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Happy Thanksgiving to all the gardeners

15 years ago

For those of you who've never cooked a turkey before or even if you've tackled the task in the past and had marginal results, here are some tips that may help you on Thursday. I preface these remarks by saying that I cook around 10 birds a year and have done so for over 40 years.

Stuffing - I use mashed potatoes mixed with crumbled white bread (no crusts!), two sticks of melted butter, several sautéed onions, two tablespoons of minced garlic, some oregano, and a dash of cayenne pepper. The stuffing goes in the turkey while it's still hot which takes a half hour off your total cooking time.

Cooking - The first half of your cooking time should be done with the turkey breast side down. If you need five hours total, then the first two and a half should be breast down. Take the turkey out of the oven and flip it over at the halfway point. This allows all the juices to flow into the breast and keep it moist. Cook in a pan that's filled with water to a point just before it touches the bird as it cooks and keep the water filled as you go. Again, this will add moisture to the dry heat of the oven and prevent the white meat from drying out. It also alleviates the necessity for a foil tent. Ignore the little plastic pop-up that comes with most turkeys; it's only accurate in a Butterball test kitchen. Use an instant read digital thermometer and pull the turkey out of the oven when the deepest dark meat hits 175 degrees.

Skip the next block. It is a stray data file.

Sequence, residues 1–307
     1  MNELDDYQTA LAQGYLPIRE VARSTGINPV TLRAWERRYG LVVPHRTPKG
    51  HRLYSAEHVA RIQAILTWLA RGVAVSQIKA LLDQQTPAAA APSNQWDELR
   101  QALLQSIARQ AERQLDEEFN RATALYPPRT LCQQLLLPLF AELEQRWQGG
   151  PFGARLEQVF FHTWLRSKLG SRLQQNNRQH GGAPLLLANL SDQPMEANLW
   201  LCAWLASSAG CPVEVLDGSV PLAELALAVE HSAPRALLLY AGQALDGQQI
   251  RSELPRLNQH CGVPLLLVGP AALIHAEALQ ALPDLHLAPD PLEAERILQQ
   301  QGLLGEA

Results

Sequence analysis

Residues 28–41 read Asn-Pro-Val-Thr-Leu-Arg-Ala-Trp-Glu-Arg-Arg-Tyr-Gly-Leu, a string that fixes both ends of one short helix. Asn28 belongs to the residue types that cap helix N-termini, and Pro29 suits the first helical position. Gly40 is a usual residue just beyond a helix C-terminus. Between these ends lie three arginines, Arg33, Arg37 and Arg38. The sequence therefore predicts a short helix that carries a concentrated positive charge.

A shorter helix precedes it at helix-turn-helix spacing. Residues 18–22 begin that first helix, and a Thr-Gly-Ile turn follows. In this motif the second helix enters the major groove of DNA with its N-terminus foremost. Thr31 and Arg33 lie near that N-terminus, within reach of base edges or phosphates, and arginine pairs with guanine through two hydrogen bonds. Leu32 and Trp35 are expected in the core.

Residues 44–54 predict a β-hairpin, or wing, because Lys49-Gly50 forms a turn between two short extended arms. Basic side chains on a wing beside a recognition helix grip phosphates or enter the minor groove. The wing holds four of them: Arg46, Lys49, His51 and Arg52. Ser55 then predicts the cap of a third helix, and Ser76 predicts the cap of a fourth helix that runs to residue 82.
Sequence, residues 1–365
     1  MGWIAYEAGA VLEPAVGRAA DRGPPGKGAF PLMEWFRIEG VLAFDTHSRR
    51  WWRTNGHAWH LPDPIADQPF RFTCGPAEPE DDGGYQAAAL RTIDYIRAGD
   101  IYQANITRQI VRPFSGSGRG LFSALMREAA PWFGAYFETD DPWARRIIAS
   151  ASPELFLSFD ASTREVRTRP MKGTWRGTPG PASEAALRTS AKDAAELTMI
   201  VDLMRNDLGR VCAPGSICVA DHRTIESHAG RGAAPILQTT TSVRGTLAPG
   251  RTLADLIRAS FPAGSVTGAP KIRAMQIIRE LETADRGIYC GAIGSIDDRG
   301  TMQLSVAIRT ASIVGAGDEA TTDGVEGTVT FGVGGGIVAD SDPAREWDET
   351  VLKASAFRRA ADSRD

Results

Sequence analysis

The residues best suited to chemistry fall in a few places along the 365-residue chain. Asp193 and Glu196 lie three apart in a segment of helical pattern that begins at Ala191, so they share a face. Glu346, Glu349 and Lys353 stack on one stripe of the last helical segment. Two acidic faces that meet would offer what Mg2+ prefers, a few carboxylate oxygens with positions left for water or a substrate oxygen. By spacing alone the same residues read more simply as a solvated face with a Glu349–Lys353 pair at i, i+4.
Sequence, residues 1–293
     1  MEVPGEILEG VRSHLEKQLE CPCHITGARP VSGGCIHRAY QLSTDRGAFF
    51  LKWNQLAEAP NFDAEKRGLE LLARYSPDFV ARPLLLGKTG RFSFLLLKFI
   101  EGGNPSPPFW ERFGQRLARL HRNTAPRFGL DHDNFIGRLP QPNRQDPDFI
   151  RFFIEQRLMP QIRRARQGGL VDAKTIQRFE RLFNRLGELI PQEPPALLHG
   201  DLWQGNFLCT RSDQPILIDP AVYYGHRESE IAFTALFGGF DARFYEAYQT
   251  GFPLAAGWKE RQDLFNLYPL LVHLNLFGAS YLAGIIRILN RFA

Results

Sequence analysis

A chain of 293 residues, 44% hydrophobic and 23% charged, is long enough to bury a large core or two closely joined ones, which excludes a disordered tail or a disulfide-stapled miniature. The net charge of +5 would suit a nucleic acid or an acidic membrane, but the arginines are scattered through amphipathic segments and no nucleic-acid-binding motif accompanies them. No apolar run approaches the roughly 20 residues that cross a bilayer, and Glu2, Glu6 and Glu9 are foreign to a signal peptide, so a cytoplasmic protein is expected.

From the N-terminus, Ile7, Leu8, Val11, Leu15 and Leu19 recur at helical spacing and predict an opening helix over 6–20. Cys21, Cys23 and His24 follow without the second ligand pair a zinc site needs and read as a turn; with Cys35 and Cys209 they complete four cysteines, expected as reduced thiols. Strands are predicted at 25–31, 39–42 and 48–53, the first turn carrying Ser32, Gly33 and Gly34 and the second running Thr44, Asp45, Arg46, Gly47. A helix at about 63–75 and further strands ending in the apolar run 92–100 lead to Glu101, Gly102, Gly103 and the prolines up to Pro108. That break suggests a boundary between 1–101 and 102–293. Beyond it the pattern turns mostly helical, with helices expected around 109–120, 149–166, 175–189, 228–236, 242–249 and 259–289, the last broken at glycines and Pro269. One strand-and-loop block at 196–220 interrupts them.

When it's done - Let the turkey sit for 30 minutes covered with large towel to prevent it from drying out. It will continue to cook and should hit 180 degrees.

Carving - Legs, then wings, then thighs. Save the breast for last. Slice along the long axis of the breastbone, then run your knife along the ribcage, cutting the breast free (both sides separate) from the carcass and place it on a cutting board. Then, instead of making thin slices that will dry out before you serve them, cut crosswise and make pieces a half an inch thick. I saw this done on television almost forty years ago and have been doing it ever since.

Happy Thanksgiving to all!

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